Advertisement

Applied Microbiology and Biotechnology

, Volume 72, Issue 4, pp 705–712 | Cite as

Cloning of β-1,3-1,4-glucanase gene from Bacillus licheniformis EGW039 (CGMCC 0635) and its expression in Escherichia coli BL21 (DE3)

  • Da Teng
  • Jian-hua Wang
  • Ying Fan
  • Ya-lin Yang
  • Zi-gang Tian
  • Jin Luo
  • Guan-pin Yang
  • Fan Zhang
Biotechnologically Relevant Enzymes and Proteins

Abstract

β-1,3-1,4-Glucanase has been applied in the brewing and animal feed additive industry. It can effectively improve digestibility of barley-based diets and reduce enteritis. It also reduces viscosity during mashing for high-quality brewers malt. The aim of this work is to clone β-1,3-1,4-glucanase-encoding gene and express it heterogeneously. The gene was amplified by polymerase chain reaction using Bacillus licheniformis genomic DNA as the template and ligated into the expression vector pET28a. The recombinant vector was transformed into Escherichia coli. The estimated molecular weight of the recombinant enzyme with a six-His tag at the N terminus was about 28 kDa, and its activities in cell lysate supernatant were 1,286 and 986 U ml−1 for 1% (w/v) barley β-glucan and 1% (w/v) lichenan, respectively. Accordingly, the specific activities were 2,479 and 1,906 U mg−1 for these two substrates. The expression level of recombinant β-1,3-1,4-glucanase was about 60.9% of the total protein and about 12.5% of the total soluble protein in crude cell lysate supernatant. Acidity and temperature optimal for this recombinant enzyme was pH 5.6 and 40°C, respectively.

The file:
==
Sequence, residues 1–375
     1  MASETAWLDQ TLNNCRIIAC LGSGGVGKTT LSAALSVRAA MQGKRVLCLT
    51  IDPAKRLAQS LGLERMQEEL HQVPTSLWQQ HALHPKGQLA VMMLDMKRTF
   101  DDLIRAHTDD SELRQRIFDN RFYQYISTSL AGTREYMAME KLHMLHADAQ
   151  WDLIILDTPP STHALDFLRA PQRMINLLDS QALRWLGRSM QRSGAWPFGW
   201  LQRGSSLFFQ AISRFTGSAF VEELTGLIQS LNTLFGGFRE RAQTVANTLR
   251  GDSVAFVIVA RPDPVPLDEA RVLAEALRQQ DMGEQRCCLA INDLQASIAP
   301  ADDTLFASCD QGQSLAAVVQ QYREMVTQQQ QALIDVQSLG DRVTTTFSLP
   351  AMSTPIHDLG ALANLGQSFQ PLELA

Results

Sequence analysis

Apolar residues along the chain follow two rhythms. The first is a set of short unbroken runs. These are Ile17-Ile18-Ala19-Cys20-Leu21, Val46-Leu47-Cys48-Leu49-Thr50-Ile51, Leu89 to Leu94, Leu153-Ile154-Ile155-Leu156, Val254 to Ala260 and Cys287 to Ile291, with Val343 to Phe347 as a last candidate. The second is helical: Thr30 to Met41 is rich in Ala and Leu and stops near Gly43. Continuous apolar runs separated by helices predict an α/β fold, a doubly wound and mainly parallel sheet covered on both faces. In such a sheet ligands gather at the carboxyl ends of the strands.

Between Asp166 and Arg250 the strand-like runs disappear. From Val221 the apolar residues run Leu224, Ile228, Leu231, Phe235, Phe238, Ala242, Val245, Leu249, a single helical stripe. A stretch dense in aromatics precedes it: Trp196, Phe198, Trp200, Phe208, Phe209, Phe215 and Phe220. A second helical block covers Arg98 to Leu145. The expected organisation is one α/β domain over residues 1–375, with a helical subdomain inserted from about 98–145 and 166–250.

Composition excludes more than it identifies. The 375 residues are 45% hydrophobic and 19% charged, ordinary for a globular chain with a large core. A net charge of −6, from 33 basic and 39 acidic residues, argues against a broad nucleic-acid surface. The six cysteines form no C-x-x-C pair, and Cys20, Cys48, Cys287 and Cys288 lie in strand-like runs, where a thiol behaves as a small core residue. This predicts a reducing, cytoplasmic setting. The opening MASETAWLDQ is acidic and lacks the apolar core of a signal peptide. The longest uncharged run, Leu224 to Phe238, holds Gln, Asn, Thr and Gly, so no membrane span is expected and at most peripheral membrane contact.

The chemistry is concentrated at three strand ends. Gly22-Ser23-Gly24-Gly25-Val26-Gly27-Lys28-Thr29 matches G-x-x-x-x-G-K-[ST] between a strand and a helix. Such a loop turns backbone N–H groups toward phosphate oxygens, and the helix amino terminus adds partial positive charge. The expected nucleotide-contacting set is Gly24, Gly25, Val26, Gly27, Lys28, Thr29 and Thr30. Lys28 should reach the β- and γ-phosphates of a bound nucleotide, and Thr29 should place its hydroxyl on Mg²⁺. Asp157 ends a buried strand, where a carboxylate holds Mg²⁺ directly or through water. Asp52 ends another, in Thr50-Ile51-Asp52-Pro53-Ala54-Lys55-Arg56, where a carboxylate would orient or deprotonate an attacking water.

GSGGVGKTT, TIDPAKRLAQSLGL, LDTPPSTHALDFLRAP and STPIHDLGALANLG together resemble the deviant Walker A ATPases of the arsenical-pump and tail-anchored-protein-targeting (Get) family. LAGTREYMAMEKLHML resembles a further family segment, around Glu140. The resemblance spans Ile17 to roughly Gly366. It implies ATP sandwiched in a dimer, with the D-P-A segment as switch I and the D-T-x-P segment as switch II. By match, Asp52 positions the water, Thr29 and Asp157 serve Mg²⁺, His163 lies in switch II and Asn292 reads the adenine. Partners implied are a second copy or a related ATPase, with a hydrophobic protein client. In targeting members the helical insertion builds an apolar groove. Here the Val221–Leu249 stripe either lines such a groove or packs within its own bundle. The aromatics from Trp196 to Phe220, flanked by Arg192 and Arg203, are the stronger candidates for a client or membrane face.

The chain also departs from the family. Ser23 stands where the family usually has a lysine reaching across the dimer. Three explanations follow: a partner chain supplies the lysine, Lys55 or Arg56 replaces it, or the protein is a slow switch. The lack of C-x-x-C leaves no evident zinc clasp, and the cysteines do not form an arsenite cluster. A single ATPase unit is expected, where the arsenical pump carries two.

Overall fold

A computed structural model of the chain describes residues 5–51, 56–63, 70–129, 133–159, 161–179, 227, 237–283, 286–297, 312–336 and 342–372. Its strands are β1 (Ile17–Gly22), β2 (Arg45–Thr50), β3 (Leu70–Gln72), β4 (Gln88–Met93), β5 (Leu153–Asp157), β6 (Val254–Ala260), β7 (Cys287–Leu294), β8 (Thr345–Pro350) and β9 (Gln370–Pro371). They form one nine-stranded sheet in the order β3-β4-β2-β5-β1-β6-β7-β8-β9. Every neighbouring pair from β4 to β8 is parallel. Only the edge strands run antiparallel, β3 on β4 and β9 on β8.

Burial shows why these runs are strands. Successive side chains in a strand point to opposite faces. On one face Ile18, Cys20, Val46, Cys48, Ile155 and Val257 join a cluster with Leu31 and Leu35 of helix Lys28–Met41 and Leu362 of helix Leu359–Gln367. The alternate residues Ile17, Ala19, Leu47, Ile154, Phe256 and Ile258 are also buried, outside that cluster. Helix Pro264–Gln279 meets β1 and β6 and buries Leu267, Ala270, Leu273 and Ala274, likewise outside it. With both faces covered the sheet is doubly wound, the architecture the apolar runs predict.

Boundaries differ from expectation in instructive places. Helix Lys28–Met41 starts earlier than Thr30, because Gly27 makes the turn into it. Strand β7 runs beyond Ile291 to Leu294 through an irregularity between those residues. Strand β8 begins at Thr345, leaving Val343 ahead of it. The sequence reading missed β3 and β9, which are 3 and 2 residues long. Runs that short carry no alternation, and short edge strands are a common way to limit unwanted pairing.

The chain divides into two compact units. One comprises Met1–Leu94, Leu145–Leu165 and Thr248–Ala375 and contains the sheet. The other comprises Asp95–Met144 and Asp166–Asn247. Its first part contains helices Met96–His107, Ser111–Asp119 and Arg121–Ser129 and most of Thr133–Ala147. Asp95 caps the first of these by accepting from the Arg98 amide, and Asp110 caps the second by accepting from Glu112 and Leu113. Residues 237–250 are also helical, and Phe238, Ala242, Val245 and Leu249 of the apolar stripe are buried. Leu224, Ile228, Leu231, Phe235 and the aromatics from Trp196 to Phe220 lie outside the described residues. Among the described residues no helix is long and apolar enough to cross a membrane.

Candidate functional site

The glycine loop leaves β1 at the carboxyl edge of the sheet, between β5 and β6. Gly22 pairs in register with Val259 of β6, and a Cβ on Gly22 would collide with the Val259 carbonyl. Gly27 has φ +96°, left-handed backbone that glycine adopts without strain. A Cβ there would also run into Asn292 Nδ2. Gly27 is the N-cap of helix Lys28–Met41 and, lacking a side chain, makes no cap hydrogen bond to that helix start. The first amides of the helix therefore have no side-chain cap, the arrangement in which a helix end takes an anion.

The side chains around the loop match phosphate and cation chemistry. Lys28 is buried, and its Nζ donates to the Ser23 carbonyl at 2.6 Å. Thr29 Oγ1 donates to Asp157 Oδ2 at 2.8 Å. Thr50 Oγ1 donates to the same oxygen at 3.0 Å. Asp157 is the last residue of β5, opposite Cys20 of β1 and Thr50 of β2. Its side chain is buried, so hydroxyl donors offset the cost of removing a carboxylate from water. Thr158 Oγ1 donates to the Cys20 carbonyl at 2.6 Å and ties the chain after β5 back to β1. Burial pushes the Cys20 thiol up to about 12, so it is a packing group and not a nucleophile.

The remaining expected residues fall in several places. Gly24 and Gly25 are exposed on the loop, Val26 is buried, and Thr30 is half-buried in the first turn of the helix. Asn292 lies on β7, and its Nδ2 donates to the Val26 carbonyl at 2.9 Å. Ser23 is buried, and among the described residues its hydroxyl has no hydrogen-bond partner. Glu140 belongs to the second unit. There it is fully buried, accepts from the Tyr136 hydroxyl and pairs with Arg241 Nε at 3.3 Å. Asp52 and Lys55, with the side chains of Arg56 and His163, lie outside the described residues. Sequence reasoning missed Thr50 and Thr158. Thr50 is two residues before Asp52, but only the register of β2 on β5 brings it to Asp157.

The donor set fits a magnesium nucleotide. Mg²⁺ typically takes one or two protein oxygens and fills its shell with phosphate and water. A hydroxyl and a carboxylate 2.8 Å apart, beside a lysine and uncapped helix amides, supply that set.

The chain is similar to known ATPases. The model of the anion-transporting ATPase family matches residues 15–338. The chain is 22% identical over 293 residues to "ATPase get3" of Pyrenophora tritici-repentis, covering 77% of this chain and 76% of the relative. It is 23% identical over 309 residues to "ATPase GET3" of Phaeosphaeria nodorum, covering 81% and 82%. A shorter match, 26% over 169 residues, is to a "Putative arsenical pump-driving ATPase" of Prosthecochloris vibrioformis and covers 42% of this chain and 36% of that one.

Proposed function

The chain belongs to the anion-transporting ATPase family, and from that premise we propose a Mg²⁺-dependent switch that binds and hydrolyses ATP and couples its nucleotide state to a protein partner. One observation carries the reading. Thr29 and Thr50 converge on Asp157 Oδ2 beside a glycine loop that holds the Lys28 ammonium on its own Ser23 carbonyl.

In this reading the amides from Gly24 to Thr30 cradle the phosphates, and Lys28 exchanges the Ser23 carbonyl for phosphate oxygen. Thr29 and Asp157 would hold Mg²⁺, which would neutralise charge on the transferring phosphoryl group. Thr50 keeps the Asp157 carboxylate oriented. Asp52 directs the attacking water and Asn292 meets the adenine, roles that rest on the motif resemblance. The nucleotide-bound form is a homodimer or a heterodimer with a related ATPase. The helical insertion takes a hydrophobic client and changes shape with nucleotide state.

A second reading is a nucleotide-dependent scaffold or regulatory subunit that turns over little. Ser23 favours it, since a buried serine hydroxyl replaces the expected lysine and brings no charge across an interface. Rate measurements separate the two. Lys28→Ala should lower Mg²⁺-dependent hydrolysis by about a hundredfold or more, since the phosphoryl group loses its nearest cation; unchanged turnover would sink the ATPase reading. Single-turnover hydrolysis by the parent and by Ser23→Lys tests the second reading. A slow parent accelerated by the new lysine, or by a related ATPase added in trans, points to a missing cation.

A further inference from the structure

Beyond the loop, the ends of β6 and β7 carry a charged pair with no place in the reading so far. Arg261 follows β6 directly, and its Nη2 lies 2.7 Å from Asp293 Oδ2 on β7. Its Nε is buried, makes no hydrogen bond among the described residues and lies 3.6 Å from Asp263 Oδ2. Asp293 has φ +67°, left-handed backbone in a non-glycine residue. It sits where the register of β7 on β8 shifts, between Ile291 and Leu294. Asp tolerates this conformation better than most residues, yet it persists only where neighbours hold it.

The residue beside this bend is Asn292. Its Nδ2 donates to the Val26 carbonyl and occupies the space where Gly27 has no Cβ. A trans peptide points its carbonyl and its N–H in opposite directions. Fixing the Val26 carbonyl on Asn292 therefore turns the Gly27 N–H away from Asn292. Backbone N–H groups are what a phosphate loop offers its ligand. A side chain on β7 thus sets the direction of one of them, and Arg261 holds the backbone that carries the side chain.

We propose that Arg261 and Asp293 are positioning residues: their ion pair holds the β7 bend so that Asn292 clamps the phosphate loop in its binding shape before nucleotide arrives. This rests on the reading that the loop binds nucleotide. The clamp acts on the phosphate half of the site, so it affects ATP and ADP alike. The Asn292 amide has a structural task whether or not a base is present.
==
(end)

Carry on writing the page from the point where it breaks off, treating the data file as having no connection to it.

Keywords

Glycosidic Bond Recombinant Enzyme Bacillus Licheniformis Glucanase Activity Glucanase Gene